The next is to get into the landscape. If you are amongst the rocks or trees you gain a greater sense of drama and also form. This can be particularly effective if your scene has motion in it, like the crashing of waves or the cascades of a waterfall, being too far away can flatten the landscape and lose the drama.
Finally, the third is the classic landscape shot, this can often be the hardest because I am now ditching the elements that help make for a dramatic or awe inspiring image, I only have the viewpoint and my camera to work for me. For this shot I spent a while hiking around the cliff side to try and get the best angle where all the stacks are on show and not overlapping or hiding one another. I was extremely lucky with the weather and employed the use of my ND filter to allow for a longer exposure. I wanted to do this because the coastline is so dramatic that by making the water perfectly smooth, I can bring more focus to the incredible rock formations.
On top of my ND Filter I also used a polariser to darken the sea, making the whites of the waves stand out more and, in a second image, using the polariser to darken the sky, preserving all the colours during my long exposure. I then combined the two images together in a composite to ensure I had the best features from both shots.
Whilst I feel it does create a stunning image and the colours are incredible. I still prefer my first shots with a person on the cliff edges overlooking the landscapes. This is for all the reasons I mentioned before, whilst I used to seek ‘pure’ landscape images, I am now far more captivated by shots that give me a sense of scale and adventure.
You might argue that I could have done the same in this last image, adding a figure to the edge of the cliff right in front of me, they would be nicely framed by the water and again give me scale. This would be my absolute favourite shot if I had done so, but the simple truth is it would have been too dangerous, which leads me to another photography tip.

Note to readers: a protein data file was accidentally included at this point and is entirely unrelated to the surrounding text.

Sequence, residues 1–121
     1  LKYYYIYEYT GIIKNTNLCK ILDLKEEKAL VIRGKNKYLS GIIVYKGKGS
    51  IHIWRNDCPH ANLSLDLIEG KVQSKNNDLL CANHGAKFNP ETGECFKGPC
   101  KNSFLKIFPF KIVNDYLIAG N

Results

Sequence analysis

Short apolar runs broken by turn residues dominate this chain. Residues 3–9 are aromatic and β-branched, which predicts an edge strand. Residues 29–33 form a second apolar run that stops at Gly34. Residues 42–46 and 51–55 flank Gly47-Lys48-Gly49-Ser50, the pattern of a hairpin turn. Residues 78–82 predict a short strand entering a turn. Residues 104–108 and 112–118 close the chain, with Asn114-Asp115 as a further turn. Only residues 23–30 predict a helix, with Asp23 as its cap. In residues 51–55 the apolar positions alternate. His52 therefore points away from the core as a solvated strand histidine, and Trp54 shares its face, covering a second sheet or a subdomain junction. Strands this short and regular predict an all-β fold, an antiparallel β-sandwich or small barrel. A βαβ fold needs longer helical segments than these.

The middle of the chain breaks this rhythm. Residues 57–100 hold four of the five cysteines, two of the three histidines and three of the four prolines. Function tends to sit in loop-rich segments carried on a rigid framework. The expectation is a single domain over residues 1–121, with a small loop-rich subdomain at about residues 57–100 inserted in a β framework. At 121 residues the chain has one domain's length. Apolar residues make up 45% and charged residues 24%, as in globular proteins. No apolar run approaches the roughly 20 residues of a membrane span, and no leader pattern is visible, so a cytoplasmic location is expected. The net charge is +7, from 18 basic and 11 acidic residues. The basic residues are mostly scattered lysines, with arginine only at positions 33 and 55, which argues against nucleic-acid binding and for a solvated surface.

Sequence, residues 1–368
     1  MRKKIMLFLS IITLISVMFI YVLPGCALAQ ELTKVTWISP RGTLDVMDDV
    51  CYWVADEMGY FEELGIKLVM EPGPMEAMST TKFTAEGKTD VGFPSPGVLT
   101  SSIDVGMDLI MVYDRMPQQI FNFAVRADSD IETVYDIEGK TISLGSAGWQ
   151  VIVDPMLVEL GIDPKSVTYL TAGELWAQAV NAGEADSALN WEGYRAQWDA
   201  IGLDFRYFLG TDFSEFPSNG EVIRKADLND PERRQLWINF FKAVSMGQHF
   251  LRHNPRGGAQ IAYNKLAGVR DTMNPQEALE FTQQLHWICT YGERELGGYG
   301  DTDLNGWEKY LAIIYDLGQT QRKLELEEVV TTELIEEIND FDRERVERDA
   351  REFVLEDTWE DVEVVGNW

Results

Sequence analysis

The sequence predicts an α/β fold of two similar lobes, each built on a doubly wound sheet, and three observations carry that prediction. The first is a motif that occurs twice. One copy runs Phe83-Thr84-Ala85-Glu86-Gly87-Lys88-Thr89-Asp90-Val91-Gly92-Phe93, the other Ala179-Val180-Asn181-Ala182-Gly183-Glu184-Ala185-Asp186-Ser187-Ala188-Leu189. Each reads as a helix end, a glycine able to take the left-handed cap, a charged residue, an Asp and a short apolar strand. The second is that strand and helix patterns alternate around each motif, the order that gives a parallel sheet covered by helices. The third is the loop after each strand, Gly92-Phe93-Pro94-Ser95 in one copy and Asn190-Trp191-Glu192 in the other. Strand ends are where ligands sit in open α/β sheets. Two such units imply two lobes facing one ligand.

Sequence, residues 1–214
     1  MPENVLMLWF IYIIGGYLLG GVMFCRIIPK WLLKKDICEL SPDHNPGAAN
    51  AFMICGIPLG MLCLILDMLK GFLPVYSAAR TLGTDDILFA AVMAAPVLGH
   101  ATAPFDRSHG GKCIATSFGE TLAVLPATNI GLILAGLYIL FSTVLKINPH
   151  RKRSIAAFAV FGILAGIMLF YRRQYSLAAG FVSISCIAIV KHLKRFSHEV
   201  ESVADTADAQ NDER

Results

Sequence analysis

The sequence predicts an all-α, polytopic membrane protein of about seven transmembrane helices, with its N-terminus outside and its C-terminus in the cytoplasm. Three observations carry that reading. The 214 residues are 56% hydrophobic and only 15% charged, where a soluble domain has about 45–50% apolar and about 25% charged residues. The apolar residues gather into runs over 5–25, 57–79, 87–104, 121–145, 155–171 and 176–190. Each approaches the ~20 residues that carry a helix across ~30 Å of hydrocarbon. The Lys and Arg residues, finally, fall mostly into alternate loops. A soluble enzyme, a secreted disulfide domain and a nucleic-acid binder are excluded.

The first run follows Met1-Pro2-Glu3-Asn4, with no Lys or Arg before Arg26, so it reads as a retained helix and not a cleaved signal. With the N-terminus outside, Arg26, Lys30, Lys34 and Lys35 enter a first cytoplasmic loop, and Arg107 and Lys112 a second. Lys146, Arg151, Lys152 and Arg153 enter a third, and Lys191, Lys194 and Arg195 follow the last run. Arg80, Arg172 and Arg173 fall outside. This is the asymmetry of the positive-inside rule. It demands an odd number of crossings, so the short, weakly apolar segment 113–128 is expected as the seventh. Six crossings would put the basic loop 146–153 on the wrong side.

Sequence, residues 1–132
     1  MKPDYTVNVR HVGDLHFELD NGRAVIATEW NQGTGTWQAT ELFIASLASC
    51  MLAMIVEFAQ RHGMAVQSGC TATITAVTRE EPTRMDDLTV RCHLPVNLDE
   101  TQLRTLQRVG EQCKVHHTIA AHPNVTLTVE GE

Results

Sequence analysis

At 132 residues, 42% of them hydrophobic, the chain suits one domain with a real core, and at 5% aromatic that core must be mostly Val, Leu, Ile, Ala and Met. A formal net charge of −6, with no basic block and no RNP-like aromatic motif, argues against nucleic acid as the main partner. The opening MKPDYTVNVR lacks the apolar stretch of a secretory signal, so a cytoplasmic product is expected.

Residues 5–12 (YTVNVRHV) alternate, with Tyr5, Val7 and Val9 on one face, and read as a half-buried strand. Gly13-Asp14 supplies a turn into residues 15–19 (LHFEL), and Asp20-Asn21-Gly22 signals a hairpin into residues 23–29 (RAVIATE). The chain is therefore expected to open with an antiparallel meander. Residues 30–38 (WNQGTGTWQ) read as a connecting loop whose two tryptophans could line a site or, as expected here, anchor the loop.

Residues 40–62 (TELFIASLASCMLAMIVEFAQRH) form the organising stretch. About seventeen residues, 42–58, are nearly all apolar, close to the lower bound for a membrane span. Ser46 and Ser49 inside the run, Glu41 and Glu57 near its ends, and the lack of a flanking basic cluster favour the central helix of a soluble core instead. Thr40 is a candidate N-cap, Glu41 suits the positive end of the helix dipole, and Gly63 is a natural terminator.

Be aware of your environment. It is easy to not heed the warnings of signposts in an effort to get that one shot, but if the locals tell you to be careful whenever you mention the beach you are headed to, best to take note. I only took liberties with exploring this cliff side because I have visited this area for over a decade and I know how dangerous it is and why the signs are there. Which is why I did not push it and suggest my friend or myself stand on that particular ledge, there is always a point where it is just not worth the risk.
As my time in Cornwall continued through caves and more cliff sides I got very attached to the X-T2. For the rest of our time, the weather was overcast and raining which didn’t make for the most compelling images, as the flat light can hide the details in the form of the landscape and rain on the lens makes a tack-sharp image impossible! This just made it clear that my decision to make the most of the first few days was worth it.
If it were not for my camera there would be many beautiful sights I would have never seen. My quest to capture the beautiful has driven me up mountains above the clouds, into deserts under the Milky Way and on top of buildings to catch the setting sun. I can say with 100% certainty I would not have been so driven to do those things if my pursuit of beauty wasn’t also in capturing and sharing what I am lucky to witness.
Because of this I am so grateful to have photography in my life, it helped me develop my adventurous side and is the reason I have seen such incredible things from our amazing planet.
Whilst this love for photography was a driving force, a huge catalyst of that is having a camera you love to use. It might not always be about image quality or having a boast-worthy spec sheet, if you love the camera in your hand that is what is most important. Fujifilm has created gear that I love to use and that are highly competitive in terms of quality all-round. In a small and sturdy body the X-T2 for me is the perfect camera, made more perfect.
More from Oliver Wheeldon
More about FUJIFILM X-T2